But for the most part, he was the one who was human who had to then create his super powers. Right? Which is why Batman is the one from DC world that we all know, and we love, and we all want to be like. At least me and the other superhero nerds. But yeah, so interesting thing is in the storylines, it's the storylines where it was a normal person who then became a superhero.
And so the reason why that should matter to you guys is because you're all in the story telling business, whether you knew it or not, why do you think you're in a product business, or you're in a marketing business, but you're actually in a storytelling business. And your job and your goal is to tell stories. And if you look at just these two examples, right? A lot of times us as insecure humans, when we tell our stories, we want to come off of a place of being a superhero. And I see this all the time, people talk about how great they are, and they brag about themselves, and they share the highlight reel all the time.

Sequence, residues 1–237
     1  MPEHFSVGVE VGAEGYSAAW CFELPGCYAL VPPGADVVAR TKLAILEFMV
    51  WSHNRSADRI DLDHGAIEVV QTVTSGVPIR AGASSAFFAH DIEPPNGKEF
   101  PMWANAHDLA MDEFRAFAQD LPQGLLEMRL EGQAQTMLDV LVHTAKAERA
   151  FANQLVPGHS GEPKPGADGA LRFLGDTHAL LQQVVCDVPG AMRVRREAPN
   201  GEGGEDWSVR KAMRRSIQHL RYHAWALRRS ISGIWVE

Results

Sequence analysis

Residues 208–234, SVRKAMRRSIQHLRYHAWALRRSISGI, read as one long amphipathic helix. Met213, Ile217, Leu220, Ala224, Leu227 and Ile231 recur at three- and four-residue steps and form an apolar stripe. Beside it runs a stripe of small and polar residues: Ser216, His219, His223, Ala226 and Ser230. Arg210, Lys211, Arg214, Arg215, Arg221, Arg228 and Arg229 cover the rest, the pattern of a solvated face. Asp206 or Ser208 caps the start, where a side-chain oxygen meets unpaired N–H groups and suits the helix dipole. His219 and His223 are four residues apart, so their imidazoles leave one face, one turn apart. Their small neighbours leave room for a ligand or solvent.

And it's like the problem with that is then you're like a DC character, right? You're Superman, you're invincible, and it's not relatable. Whereas if you look at it from a Marvel standpoint, and you come back and say "Instead of me telling my highlight reel and why I'm so great, what if I told my origin story? What if I told why I struggled? Why I was a normal person just like them?" What would happen then? Right?
In that situation, you build rapport with the audience, they actually listen to you, they care about you, they're drawn to you. And then as you develop your superpowers, they go on that journey with you because they want to become like you, and that's really the key. It's funny when I, man, and not that I'm not now, but in a more insecure time in my life, when I was really struggling with who I was, my identity, and I got in this marketing world, and it's like, "Yeah, tell your stories." And I'm like, "Yeah."